Jerry Smith was elected Mayor of DeKalb earlier this month and takes office May 8. He discusses his plans for the city in this week's Friday Forum.
Three candidates challenged incumbent John Rey in DeKalb’s mayoral race this spring: Smith, Misty Haji-Sheikh, and Michael Embrey. Although Smith originally hails from Dixon, he was motivated to run by his deep connections to DeKalb.
“I’ve been here now for 56 years, after having come as a student at Northern Illinois in 1961," he said, "and I felt this was a way I could give back to this community.”
After graduating in 1966 with a bachelor’s in journalism, Smith went to work at a local publishing company, Castle-PrinTech. He was promoted to company president in 1983 and said this experience led him to expand into the public sector.
“I was able to have a career, 30 years in business -- 30 years in Castle-PrinTech -- 10 years with the DeKalb County Community Foundation," Smith explained. "In both of those scenarios, I was able to grow professionally."
Though currently retired, Smith also served on several public boards, including the DeKalb County Economic Development Corporation, Kishwaukee Hospital, and the city’s Chamber of Commerce.
In candidate forums, Smith said the DeKalb City Council and bureaucracy generally have worked well together. However, he noted that sometimes there hasn’t been enough time for aldermen to fully address material provided by staff. To prevent these situations from happening again, Smith said he’s going for a more inclusive management style:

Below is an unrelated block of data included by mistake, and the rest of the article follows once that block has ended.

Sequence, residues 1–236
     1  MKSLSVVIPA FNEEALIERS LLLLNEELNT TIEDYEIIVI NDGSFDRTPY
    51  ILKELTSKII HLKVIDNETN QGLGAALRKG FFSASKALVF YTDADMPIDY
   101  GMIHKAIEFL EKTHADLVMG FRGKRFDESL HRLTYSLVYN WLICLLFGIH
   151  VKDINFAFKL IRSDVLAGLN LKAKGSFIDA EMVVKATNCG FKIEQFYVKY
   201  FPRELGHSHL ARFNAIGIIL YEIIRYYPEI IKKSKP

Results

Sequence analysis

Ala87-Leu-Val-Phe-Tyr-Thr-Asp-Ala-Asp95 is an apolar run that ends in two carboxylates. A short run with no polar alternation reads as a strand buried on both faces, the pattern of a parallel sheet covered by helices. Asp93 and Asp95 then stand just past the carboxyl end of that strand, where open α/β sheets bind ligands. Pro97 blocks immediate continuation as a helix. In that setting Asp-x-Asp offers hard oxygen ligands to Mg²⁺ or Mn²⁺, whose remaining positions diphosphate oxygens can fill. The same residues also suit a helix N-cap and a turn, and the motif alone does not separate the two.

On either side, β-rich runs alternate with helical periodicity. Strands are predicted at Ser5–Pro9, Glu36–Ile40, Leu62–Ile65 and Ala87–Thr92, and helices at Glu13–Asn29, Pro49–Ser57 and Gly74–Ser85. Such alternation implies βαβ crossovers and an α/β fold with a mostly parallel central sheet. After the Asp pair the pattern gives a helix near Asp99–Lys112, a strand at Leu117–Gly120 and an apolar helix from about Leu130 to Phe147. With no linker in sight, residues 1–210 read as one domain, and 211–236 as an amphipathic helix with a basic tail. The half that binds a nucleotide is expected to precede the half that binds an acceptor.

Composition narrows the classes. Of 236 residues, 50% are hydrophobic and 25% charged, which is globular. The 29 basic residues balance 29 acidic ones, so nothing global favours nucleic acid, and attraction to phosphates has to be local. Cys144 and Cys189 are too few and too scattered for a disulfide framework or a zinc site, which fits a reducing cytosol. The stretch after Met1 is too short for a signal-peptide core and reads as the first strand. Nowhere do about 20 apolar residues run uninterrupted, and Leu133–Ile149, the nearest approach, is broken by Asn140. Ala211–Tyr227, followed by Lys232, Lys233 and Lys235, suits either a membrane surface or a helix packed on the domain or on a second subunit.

“I am not going to simply say, 'This is what we need to do.' I’m going to get people around a table and say, 'You know, this may not be working,' or 'Hey, this is working fine. Why don’t we take this idea and move it over here.' It’s just a management style that will be open to new ideas, that will be open to participation by all elements.”
Now that he’s been elected, Smith said one of his top priorities is continuing the “partnership” between Northern Illinois University and the City of DeKalb. The mayor-elect says that he’s personally acquainted with three new members of the university's Board of Trustees, and that NIU President Doug Baker was one of the first people to contact him after his electoral victory. Smith stressed that this relationship is even more important in light of NIU’s financial crunch, both from diminishing enrollment and reduced state aid due to the lack of a budget.
"Without that, we have some serious problems,” he said. “What happens at Northern Illinois University has a direct impact on the economic stability of DeKalb and this community in this state.”
Beyond the city-university relationship, Smith’s primary focus for DeKalb is economic development. On the retail front, there is general concern over downtown redevelopment, but Smith is optimistic about two projects in particular.
“The Pappas Cornerstone project at the corner of 1st and Lincoln Highway is going to be the catalyst for a lot of good things in DeKalb," he said. "Sundog IT has announced its intention to rehab the old Moxie property.”
Cornerstone is the former home of Otto’s Night Club. Developer John Pappas plans to replace it with a new building containing businesses on the lower level and luxury apartments on the floors above. Smith said this type of development reflects new retail trends.